L-HJ, SR and SM conceived the research; MK, LB, MT, RG, GF, YH, SSM and FM performed the experiments; MK, LB, L-HJ and SR analysed the data; L-HJ wrote the manuscript; all authors participated in discussing and revising the manuscript.
We are grateful to Prof M Harris in School of Molecular and Cellular Biology, University of Leeds for kindly providing Huh-7 cells used in this study. The work was supported in part by a travel award from Higher Education Commission Pakistan (MK), the Department of Education of Henan Province and a visiting professorship grant from University François-Rabelais of Tours (L-HJ), the “Ministère de la Recherche et des Technologies”, the Inserm, the “Ligue Nationale Contre le Cancer – Interrégion Grand-Ouest”, the Région Centre (grant “CancerInflamm”, project “ARD2020 Biomédicaments”) and the “Association CANCEN”(SR).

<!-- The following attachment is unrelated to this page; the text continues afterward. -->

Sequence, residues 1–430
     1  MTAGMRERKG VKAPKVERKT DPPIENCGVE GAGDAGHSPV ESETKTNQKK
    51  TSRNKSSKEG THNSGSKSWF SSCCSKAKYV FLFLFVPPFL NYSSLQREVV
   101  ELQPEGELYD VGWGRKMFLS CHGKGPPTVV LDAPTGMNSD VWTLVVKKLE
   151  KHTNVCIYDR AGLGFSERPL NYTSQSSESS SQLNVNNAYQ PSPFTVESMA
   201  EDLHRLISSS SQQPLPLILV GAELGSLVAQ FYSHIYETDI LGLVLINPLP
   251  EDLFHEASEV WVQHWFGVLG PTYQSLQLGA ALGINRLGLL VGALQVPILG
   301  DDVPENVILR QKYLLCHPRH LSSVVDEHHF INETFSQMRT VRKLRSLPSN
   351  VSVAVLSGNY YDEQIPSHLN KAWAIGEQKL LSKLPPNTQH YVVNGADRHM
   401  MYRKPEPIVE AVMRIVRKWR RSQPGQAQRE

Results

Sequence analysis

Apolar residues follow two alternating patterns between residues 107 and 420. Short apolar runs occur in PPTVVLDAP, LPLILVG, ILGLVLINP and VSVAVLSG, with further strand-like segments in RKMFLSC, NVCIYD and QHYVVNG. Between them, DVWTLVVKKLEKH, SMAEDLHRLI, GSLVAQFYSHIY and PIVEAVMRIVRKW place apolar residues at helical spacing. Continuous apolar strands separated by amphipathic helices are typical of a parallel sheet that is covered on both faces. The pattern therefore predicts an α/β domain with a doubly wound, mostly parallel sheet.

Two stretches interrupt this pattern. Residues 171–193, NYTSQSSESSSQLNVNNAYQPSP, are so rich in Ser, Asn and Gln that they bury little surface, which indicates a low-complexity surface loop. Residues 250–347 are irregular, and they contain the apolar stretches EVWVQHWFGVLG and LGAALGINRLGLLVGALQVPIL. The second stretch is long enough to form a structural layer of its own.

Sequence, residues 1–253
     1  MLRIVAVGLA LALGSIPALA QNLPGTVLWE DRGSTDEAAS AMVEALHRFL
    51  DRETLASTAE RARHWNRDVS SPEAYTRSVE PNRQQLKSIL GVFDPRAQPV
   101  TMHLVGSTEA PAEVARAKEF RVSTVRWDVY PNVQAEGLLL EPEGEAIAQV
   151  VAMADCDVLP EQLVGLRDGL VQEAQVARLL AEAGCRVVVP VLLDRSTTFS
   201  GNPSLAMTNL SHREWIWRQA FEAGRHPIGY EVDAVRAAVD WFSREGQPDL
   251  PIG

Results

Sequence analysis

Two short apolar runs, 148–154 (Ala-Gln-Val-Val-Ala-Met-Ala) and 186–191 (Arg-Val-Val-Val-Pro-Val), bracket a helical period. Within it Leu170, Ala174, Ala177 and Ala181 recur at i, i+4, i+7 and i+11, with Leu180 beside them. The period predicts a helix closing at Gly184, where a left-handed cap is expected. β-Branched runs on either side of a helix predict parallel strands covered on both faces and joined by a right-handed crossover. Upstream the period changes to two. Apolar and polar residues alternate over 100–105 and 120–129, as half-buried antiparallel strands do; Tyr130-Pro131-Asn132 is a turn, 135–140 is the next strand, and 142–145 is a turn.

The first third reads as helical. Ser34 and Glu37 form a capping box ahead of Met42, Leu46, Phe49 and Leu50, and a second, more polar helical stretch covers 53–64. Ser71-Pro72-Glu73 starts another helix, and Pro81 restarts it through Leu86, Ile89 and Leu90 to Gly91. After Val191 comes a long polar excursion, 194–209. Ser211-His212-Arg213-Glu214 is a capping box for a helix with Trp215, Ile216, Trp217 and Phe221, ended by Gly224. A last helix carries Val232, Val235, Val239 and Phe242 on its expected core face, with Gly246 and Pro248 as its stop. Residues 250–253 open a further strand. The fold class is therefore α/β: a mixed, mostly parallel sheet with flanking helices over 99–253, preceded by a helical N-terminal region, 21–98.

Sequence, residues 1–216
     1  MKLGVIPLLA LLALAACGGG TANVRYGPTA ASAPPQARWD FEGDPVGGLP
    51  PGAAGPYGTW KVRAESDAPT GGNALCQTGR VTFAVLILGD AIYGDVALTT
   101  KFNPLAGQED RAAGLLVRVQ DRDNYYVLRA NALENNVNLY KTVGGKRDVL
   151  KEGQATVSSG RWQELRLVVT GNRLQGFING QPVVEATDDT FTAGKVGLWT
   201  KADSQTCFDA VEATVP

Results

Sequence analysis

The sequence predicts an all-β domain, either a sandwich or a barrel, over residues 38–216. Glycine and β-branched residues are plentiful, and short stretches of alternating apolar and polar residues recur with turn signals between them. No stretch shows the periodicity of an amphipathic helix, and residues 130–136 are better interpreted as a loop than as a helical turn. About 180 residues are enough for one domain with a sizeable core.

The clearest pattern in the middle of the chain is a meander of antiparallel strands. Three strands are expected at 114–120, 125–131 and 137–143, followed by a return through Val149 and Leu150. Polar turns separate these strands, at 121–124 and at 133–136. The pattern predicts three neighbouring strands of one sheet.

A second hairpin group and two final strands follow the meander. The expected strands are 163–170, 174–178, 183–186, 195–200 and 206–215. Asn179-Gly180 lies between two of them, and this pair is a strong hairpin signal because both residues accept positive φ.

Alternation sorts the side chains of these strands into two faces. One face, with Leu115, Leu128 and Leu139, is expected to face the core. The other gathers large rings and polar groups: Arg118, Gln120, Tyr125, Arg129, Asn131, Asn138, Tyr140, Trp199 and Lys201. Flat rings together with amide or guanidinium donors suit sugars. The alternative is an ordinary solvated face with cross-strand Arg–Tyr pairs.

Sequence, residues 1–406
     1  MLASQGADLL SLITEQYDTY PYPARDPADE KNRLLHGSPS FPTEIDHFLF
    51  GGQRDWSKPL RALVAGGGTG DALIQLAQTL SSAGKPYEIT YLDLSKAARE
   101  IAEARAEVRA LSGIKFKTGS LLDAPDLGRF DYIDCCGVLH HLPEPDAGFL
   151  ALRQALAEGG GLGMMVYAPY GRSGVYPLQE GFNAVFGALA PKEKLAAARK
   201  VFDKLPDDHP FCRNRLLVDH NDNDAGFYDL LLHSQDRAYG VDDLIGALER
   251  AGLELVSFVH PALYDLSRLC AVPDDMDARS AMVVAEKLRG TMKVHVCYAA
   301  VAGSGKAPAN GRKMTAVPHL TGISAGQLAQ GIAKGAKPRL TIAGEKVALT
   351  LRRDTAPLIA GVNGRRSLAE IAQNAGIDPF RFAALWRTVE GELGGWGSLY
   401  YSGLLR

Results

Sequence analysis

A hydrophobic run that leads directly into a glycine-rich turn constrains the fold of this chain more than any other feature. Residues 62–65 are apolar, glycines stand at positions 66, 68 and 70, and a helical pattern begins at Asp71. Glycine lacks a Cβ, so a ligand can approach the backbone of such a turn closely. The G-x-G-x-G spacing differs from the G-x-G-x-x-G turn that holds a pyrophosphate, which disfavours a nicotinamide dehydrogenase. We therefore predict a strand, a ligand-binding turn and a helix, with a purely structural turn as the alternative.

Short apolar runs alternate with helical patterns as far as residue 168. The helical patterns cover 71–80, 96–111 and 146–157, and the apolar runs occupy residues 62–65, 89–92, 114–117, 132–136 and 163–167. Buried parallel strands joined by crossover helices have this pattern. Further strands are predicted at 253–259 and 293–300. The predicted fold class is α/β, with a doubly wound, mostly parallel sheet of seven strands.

CONFLICTS OF INTEREST
The authors declare no conflict of interest.